Tokyo: Tokyo was rocked by a powerful earthquake and a subsequent tsunami on Monday evening, causing widespread panic and damage in Ishikawa province and other parts of the country. The quake, which struck at 14:42 JST, had a magnitude of 7.6 on the Richter scale and was centered at a shallow depth of 8.7 kilometers, about 49 kilometers northeast of Anamizu town in Hōsu District. It was followed by another strong quake of magnitude 5.0 and more than 50 aftershocks, some of which were felt as far away as Tokyo.
The Japan Meteorological Agency (JMA) issued a tsunami warning for the Sea of Japan coast, alerting residents of the potential danger of waves up to 5 meters high. The agency also advised people to evacuate their homes and move to higher ground or the upper floors of buildings. The warning was lifted about two hours later after the tsunami waves had subsided.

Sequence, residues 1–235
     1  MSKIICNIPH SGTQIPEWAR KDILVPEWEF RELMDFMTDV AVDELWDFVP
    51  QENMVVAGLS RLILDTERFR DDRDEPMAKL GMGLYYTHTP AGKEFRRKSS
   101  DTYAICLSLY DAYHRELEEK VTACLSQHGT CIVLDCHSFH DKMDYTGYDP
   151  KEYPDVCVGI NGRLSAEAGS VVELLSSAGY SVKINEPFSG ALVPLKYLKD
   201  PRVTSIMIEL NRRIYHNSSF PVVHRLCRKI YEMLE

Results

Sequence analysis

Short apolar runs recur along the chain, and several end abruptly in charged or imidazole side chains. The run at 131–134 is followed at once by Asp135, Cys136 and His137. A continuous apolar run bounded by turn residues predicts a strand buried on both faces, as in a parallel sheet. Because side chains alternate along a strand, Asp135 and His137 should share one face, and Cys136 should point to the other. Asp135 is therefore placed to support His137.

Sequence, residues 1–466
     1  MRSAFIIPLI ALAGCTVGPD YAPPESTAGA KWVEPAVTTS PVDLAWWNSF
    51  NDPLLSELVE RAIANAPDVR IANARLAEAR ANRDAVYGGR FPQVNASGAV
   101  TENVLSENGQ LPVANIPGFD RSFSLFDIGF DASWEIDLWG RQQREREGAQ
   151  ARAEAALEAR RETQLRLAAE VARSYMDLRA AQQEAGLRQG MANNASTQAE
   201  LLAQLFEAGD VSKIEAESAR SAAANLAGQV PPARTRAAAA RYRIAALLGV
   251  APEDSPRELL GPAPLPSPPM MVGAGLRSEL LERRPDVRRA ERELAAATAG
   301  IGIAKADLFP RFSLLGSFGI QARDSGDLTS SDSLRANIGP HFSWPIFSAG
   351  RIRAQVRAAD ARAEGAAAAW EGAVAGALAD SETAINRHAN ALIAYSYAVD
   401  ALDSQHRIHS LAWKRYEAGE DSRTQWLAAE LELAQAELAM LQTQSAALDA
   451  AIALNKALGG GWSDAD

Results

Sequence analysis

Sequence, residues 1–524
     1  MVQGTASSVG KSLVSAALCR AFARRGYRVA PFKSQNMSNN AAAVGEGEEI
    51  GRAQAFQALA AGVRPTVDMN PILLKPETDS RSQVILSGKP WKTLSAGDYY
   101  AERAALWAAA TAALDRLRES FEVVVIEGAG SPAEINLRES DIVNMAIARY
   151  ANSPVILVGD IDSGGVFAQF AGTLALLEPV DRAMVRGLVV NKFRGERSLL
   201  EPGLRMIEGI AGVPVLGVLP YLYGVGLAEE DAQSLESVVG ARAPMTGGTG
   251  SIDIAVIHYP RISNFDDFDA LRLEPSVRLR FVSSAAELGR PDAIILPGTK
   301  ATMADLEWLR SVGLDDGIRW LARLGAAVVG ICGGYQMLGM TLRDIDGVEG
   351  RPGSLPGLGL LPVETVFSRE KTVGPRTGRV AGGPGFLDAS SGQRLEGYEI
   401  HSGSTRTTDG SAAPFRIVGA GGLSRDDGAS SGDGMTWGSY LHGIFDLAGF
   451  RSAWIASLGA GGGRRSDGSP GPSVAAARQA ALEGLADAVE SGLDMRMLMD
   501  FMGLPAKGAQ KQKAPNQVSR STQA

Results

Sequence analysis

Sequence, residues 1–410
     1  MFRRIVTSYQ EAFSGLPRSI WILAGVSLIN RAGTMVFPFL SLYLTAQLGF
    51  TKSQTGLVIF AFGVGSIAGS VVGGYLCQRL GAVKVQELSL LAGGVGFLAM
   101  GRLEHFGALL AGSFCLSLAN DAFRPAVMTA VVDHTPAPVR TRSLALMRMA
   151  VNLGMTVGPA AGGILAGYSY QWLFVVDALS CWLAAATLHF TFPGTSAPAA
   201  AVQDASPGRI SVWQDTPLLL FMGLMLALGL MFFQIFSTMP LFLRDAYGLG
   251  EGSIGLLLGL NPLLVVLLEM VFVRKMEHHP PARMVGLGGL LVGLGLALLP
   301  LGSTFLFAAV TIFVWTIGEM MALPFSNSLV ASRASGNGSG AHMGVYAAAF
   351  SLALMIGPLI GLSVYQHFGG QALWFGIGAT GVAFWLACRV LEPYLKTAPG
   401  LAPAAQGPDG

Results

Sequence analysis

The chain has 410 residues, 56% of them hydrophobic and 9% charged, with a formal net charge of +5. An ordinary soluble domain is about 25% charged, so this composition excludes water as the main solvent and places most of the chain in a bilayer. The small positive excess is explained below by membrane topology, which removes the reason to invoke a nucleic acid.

According to the JMA, the highest tsunami wave recorded was 1.4 meters at Wajima port in Ishikawa. Other coastal areas also reported waves of over 1 meter, such as Nanao and Noto in Ishikawa, and Takaoka and Himi in Toyama. The tsunami caused flooding and damage to some buildings and infrastructure along the shore.
The earthquake also triggered landslides, power outages, and fires in some areas. At least one person was killed and 23 others were injured, mostly in Ishikawa. More than 700 buildings were damaged or collapsed, and about 100 people sought shelter at evacuation centers. The quake also disrupted transportation and communication services, as well as some nuclear power plants, which reported no abnormalities.
The earthquake was the largest to hit Ishikawa since 2023 when a magnitude 6.3 quake caused one death and 44 injuries. It was also the strongest to hit Japan since the devastating 2011 Tōhoku earthquake and tsunami, which killed nearly 16,000 people and triggered a nuclear meltdown at the Fukushima Daiichi plant.